What Is a 341 Meeting and How Do I Prepare? 

Filing for bankruptcy is a huge decision. And while filing for a Chapter 7 or Chapter 13 bankruptcy can provide you with the financial relief that you need, the process requires multiple steps that can be confusing to the layperson. One of the most important parts of a bankruptcy case is the 341 meeting, which occurs after you’ve filed for a Chapter 7 or Chapter 13 bankruptcy. Consider the following information regarding what you should know about a 341 meeting and how to prepare for your own 341 meeting—

What Is a 341 Meeting?

A 341 meeting, also known as a meeting of creditors or 341 hearing, is an important part of a Chapter 7 and Chapter 13 bankruptcy case. During this meeting, a debtor and their creditors will meet; the court-appointed bankruptcy trustee is also required to attend this meeting. The purpose of the 341 meeting is to establish the facts of the bankruptcy case, facilitate the negotiation and decision regarding a repayment plan, and ensure that all of the paperwork and details of the bankruptcy case are in order. 

The 341 meeting is a good opportunity for creditors to ask questions of the debtor should they have any, such as whether the debtor has any undisclosed income or assets. For the debtor, the primary purpose of the meeting is to authenticate their identity and establish their financial circumstances. 

Do I Need an Attorney for a 341 Meeting?

Attorneys are welcome to attend 341 meetings, but they are not legally required to partake. The only parties who are legally required to be at a 341 hearing are the court-appointed trustee and the debtors; even creditors aren’t legally required to attend, although they may choose to do so. 

While having your attorney present at your 341 meeting may not be required, it is often advised. Indeed, throughout the entire bankruptcy process, working with a legal professional who understands the law and how to represent your best interests throughout the process is recommended, as these types of cases are complex and can even be contested. 

How to Prepare for a 341 Meeting

After you file for bankruptcy, your attorney can provide you with more information about how to prepare for your upcoming 341 meeting. Some steps to both expect and take include:

  • You will receive a copy of the file petition for bankruptcy, schedules, and other documents to review. You should review these in full (with your attorney) and ensure that they are accurate. If you notice any errors or discrepancies, you need to inform the bankruptcy trustee immediately.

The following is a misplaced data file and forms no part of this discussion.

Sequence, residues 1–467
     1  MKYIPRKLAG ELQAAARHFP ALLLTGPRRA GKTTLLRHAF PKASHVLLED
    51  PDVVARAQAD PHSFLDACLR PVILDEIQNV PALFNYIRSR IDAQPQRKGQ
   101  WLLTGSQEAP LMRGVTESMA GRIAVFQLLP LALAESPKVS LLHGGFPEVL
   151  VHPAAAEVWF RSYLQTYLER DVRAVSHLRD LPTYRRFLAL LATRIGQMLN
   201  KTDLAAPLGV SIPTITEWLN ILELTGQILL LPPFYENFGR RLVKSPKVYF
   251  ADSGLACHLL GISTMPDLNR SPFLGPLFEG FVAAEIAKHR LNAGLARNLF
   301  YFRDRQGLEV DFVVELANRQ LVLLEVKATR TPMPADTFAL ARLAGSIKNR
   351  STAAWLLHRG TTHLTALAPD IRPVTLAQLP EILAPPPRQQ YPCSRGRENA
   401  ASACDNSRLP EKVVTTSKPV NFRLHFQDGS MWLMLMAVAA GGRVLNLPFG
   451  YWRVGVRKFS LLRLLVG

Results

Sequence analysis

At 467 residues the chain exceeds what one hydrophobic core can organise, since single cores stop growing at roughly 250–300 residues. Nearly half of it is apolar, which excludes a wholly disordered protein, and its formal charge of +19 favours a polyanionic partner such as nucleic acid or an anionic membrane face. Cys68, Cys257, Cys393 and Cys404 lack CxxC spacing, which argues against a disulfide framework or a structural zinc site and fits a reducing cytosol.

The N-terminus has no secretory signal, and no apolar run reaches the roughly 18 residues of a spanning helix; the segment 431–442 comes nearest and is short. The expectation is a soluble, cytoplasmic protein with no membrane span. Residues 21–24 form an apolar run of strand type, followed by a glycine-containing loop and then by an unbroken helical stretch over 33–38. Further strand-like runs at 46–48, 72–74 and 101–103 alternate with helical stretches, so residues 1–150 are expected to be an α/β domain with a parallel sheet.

• Prepare your documents verifying your identification, including your driver’s license or state I.D., Social Security card, or/and any other required identification documents. 
  • Confirm the details of the time and location of your hearing. During the COVID-19 pandemic, these hearings were often occurring by phone. Verify whether your hearing will be in person or conducted virtually. It’s important that you show up to the hearing on time and are fully present (i.e., silence your phone). 
  • Prepare for questions that you may receive from the trustee or creditors. Examples of common questions include:
    • Did you sign the petition of your own accord and will?
    • Is the address on the petition accurate? 
    • Have you read the petition and schedules prior to signing? 
    • Have all of your assets and income been listed in the schedules?
    • Have you filed for bankruptcy in the past? 
    • Do you have any support obligations, such as child support or spousal support?
    • Is there anyone who owes you money?
    • Do you anticipate receiving any assets from a civil case that have not yet been disclosed?
    • Are you involved in any other civil actions at this time? 

What Happens After a 341 Meeting?

341 hearings are fast. In fact, there may be several 341 meetings scheduled to take place within a single hour, which means that your hearing may conclude in as few as 10 minutes or less. 

What happens next will vary slightly depending on whether you are filing for a Chapter 7 or a Chapter 13 bankruptcy. 

For Chapter 7 debtors, the next step is attending the required debtor education courses. After these courses have been completed and a certificate of completion has been filed with the court, the discharge of debts should occur within approximately 60 days. For Chapter 13 debtors, the Chapter 13 repayment plan must be approved. Chapter 13 filers are also required to take a debtor education course.

In most cases, 341 meetings are fast and straightforward. Most holdups relate to misspelled names on official documents, so it’s important to ensure that the information on all documents exactly matches the information on your identification. If you have more questions, the bankruptcy trustee assigned to your case and your attorney are both great resources. 

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